CHANGES in the color and thickness of menstrual blood are often normal. But there are a number of problems that might cause abnormal clots to form in your menstrual blood or lead to the changes in color or thickness during your period. Remember, it's important to discuss any concerns you have with your doctor. Problems that can cause changes include:
- Miscarriage. Women who have miscarried may pass blood clots or gray clumps of tissue from the vagina. If there is a chance you are pregnant, be sure to check with your doctor immediately if you notice excessive bleeding or clotting.
- Fibroids. Uterine fibroids are also called leiomyomas. These are noncancerous tumors that form in the uterus. Fibroids do not always cause symptoms. In fact, increasing research information suggests that most women with small "fibroid" tumors have no symptoms at all. But women with fibroids may notice greater than usual amounts of menstrual blood. If you have fibroids, you may have more clots in your period than you had in the past.
- Hormonal changes. Your body relies on a delicate balance of progesterone and estrogen. These hormones regulate the production and shedding of the uterine lining. When this balance is disturbed, it can lead to the development of an excessively thick uterine lining. This thickness can contribute to more bleeding than usual. It can also cause clots in the menstrual blood when the lining is shed.
Hormone changes may occur for many reasons, including:
- Recent dramatic weight change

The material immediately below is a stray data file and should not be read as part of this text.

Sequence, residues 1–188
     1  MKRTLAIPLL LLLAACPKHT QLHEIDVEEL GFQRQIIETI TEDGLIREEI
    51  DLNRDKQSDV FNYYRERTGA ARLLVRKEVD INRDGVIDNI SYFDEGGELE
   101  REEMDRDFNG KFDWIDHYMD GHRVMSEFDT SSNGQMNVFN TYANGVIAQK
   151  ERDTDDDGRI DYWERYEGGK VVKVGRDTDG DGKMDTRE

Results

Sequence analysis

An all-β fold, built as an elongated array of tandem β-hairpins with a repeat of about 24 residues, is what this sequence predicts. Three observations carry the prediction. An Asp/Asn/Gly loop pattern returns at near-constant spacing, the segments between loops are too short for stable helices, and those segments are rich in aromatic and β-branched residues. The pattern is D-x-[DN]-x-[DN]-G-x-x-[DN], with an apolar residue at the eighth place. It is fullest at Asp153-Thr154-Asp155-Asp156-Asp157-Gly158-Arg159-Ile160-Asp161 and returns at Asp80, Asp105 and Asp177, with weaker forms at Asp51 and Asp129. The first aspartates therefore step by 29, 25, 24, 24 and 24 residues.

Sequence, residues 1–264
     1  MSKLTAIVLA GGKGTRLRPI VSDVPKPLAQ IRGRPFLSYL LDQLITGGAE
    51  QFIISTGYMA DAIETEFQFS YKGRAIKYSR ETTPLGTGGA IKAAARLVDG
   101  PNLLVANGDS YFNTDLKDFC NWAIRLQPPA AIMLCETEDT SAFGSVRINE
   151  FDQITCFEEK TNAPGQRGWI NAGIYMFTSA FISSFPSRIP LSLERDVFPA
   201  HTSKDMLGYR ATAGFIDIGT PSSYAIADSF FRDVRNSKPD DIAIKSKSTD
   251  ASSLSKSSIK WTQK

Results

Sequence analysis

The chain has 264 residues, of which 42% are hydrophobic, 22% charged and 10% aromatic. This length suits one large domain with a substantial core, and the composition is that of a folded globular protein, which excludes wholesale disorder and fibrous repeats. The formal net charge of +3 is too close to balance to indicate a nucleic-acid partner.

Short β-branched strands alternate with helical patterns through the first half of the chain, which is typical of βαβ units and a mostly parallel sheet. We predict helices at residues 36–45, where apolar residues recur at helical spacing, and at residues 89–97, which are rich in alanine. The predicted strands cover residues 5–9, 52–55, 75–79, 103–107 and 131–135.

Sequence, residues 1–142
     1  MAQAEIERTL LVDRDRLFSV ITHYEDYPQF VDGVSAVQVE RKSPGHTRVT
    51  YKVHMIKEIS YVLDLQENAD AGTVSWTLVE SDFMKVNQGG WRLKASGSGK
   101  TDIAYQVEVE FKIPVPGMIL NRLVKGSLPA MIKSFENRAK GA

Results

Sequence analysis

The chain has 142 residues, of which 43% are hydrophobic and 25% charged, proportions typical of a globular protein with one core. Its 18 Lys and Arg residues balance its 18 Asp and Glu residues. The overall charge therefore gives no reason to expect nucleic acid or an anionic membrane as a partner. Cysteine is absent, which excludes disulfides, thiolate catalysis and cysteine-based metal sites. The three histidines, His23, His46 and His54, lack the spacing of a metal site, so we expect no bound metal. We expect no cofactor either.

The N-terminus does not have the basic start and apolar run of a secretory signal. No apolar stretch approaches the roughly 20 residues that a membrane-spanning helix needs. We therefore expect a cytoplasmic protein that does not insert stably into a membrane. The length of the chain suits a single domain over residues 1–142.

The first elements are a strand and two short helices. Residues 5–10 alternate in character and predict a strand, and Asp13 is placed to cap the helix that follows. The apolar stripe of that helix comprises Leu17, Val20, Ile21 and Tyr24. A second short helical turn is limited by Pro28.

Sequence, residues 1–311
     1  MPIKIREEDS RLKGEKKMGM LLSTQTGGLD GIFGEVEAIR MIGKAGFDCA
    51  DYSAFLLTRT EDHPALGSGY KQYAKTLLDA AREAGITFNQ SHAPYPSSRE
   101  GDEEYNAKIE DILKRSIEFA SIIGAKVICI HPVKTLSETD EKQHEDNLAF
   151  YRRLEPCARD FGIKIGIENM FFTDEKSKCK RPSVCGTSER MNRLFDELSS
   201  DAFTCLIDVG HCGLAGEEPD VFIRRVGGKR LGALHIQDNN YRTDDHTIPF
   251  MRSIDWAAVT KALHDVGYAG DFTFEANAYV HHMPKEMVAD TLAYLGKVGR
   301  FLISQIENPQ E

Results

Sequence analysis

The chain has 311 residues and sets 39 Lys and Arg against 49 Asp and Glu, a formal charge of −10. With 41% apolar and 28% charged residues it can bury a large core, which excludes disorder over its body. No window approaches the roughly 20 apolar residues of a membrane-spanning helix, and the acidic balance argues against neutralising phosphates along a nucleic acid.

- Side effects from some medications, including steroids
- Large uterus. If your uterus has been stretched during pregnancy and does not return to its original size, it may be permanently enlarged. With an enlarged uterus, menstrual blood may have time to collect and clot before it's released from the body. This could also result in a dark color or thickening of your menstrual flow.
- Obstruction of menstrual blood. Anything that hinders or blocks the flow of menstrual blood from the uterus through the cervix and out of the vagina may lead to problems with clots, color, or thickness of menstrual blood. Benign polyps in the uterus may change the flow of blood during your period. The flow can also be slowed around the time of menopause when the cervical canal may become smaller as estrogen levels drop.
- Adenomyosis or endometriosis. These related conditions occur when the tissue that forms the uterine lining is found in the wrong place. In endometriosis, this tissue develops outside of the uterus. In adenomyosis it grows in the muscle that makes up the uterine walls. Both of these conditions can lead to abnormal periods and heavy flow. This can increase the likelihood of menstrual blood problems such as clotting or thickness.
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